The History of Leith

September 18, 2012

The Magic Mirror

Lady Eleanor Campbell, widow of the great
marshal and diplomatist, John Earl of Stair, was
by paternal descent related to one of the most
celebrated historical figures of the seventeenth
century, being the grand-daughter of the Lord High
Chancellor Loudon, whose talents and influence on
the Covenanting side procured him the enmity Qf
‘Charles I.
In her girlhood she had the misfortune to be
united to James Viscount Primrose, of Castlefield,
who died in 1706, a man of dissipated habits and
intolerable temper, who treated her so barbarously
that there were times when she had every reason to
fear that her life was in peril. One morning she
was dressing herself before her mirror, near an open
window, when she saw the viscount suddenly appear
in the room behind her with a drawn rapier in his
hand. He had softly opened the door, and in the
mirror she could see that his face, set white and
savage, indicated that he had nothing less than
murder in his mind. She threw herself out of
window into the street, and, half-dressed as she
was, fled, with great good sense, to Lord Primrose’s
mother, who had been Mary Scott of Thirlstane,
and received protection ; but no attempt was made
to bring about a reconciliation, and, though they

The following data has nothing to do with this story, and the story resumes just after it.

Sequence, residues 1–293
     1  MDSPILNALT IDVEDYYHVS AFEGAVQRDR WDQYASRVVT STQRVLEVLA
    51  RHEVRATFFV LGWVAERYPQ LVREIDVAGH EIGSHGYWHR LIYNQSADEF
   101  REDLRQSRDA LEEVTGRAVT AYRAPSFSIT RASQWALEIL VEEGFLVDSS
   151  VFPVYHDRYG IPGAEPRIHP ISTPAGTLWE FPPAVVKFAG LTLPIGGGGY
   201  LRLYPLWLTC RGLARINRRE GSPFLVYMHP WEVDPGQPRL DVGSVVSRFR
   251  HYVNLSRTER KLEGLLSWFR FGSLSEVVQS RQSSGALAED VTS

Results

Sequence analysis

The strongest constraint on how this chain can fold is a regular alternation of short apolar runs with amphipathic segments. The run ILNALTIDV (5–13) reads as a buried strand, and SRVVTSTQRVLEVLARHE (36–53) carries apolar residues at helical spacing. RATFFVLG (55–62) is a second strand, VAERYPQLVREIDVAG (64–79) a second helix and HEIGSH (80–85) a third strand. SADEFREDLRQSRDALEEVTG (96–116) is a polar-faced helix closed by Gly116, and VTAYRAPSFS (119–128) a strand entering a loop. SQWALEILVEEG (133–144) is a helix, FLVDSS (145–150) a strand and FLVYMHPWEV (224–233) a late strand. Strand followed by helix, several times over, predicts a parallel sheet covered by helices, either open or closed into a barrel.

had four children, she never lived with him again,
and soon after he went abroad.
During his absence there came to Edinburgh a
certain foreign conjurer, who, among other occult
powers, professed to be able to inform those present
of the movements of the absent, however far they
might be apart; and the young viscountess was
prompted by curiosity to go with a lady friend to
the abode of the wise man in the Canongate, wearing
over their heads, by way of disguise, the-tartan
;plaid then worn by women of the lower classes.
After describing the individual in whose movements
she was interested, and expressing a desire
to know what he was then about, the conjurer led
her before a large mirror, in which a number of
colours and forms rapidly assumed the appearance
of a church with a marriage party before the altar;
and in the shadowy bridegroom she instantly
recognised her absent husband ! She gazed upon
the delineation as if turned to stone, while the
ceremonial of the marriage seemed to proceed, and
the clergyman to be on the point of bidding the
bride and bridegroom join hands, when suddenly a
gentleman in whose face she recognised a brother
of her own, came forward, and paused. His face
assumed an expression of wrath ; drawing his sword
he rushed upon the bridegroom, who also drew to
defend himself; the whole phantasmagoria then
became tumultuous and indistinct, and faded completely
away. When the viscountess reached home
she wrote a minute narrative of the event, noting
the day and hour. This narrative she sealed up in
presence of a witness and deposited it in a cabinet.
Soon after this her brother returned from his travels
abroad—which brother we are not told, and she
had three : Hugh the Master of Loudon, Colonel
John Campbell of Shankeston, and James, who was
Colonel of the Scots Greys, and was killed at
Fontenoy. She asked him if he heard aught of
the viscount

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